Page 1 of 15 Nov 1917 Issue of Des Moines Iowa Homestead in Des-Moines, Iowa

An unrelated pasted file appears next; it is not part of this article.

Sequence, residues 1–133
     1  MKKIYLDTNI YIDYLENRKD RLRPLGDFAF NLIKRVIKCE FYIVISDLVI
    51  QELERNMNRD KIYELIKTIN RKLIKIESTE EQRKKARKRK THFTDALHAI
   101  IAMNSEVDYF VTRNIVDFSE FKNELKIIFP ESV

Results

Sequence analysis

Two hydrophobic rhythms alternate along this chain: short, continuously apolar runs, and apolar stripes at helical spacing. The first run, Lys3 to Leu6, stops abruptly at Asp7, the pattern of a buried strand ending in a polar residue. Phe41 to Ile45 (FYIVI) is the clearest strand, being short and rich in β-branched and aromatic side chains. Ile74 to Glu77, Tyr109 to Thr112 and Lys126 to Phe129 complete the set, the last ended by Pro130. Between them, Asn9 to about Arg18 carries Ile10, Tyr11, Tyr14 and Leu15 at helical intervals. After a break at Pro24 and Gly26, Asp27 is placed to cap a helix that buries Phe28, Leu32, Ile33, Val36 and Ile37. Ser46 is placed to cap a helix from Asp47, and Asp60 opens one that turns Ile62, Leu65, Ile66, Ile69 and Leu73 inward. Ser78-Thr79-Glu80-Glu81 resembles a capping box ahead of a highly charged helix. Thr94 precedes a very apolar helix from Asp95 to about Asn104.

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Des Moines Iowa Homestead (Newspaper) - November 15, 1917, Des Moines, IowaW a up p vol. Lxi no. 46. Des m01nes, Iowa november whole no. 3136 a a Pulley should be used in handling the in the patriotic Effort to conserve and increase the meat Supply of the nation there is a Way in which the Farmer can Render valuable assistance and at the same time derive a decided Benefit for himself. It consists in preparing the meat needed for his own use right out on the farm. By this plan he eliminates extra feeding and shrinkage entailed in marketing he saves the extra work of hauling his animals to the pack ers and bringing the meat Back to his farm and without doubt he gets a much better Quality of meat for his household at smaller Cost. These reasons farm butchering May be urgently advocated especially this year when every econ omy in the use and handling of foodstuffs is of vital importance. Id most cases the Slaughter of cattle is impractical on the farm unless several neighbors work together and each takes a share of the carcass because the average farm does not have facilities for storing fresh beef. But practically every Farmer can Butcher a few hogs and cure the meat with such equipment As he already has on hand. Well cured pork will keep for a Long time on some farms it is kept from one Butch ering to the next and its flavor is even better than that of the fresh product. The tools and other equipment necessary for butchering and curing pork need not be elaborate. A six or seven Inch curved knife for skinning a Good Butcher knife or six Inch sticking knife a candlestick hog scraper an a or or Jurj Cleaver a meat saw a Gambrel heavy hogs for hanging the animal by its Hind legs a Twenty gallon Iron Kettle for heating water and a scalding barrel make up the list. For convenience in scraping and cleaning the carcass a Low table or plat form like that shown in the drawing will be found desirable. The scalding barrel is leaned against the table or platform so that the hog May be pulled onto the table easily after it has been scalded. A Hook can be put in the Ani Mal s snout and one Man can drag it onto the table. All of the equipment should be arranged As compactly As possible. For instance if the water is heated in the Iron Kettle Over an open fire near the scalding barrel it will not have to be carried far and will have Little Chance to Cool before it is used. The first step preliminary to slaughtering consists in selecting animals that Are in Good health. It is not Economy to Butcher diseased or weak ened animals because the meat from them May cause serious sickness and the risk is not Worth taking no matter How High the Price of pork soars. The next step is to withhold feed from the animals for from Twenty four to thirty six hours. Perhaps the Best Way is to confine them in a comfortable pen with plenty of fresh water available. An animal allowed to rest and re main quiet under such conditions will make a much better coloured and More attractive car Cass than one which can move about and feed. Sausage making an important item at pig kill time. Withholding feed empties the digestive tract and prevents danger of fermentation setting in at _ the time of killing. Keeping the animals quiet prevents a Rise in body temperature and prevents a tendency toward souring of the meat which sometimes occurs during the curing process. A hog May be killed by sticking or shooting. Those who have had no previous experience May prefer to shoot the animal using a .22 Rifle. Sticking however is not difficult for two men if one will hold the hog while the other uses the knife and it Lias the advantage of causing the animal to bleed More freely. In sticking the hog let one Man reach under the animal and grasp the fore and Hind legs on the far Side then quickly turn the animal Over onto its Back and hold it there by the fore feet while the other Man forces Back the snout with one hand and uses the knife with the other. The knife should be thrust into the animal s Throat just above the breast Bone with the Sharp Edge up Ward and the Point directed toward the Root of the Tail. A twist of the Blade to the left cuts the arteries just inside the breastbone. Care should be taken to insert the knife straight or the shoulder cuts will be injured. After the hog has bled thoroughly it is dipped head upward into the scalding barrel. The scalding barrel should be filled about one third full of water heated to a temperature of about 185 or 195 degrees fahrenheit if hotter than this the hair will set and cannot be easily re moved while if colder it will take much More time than necessary to do the scalding. Since continued on Page

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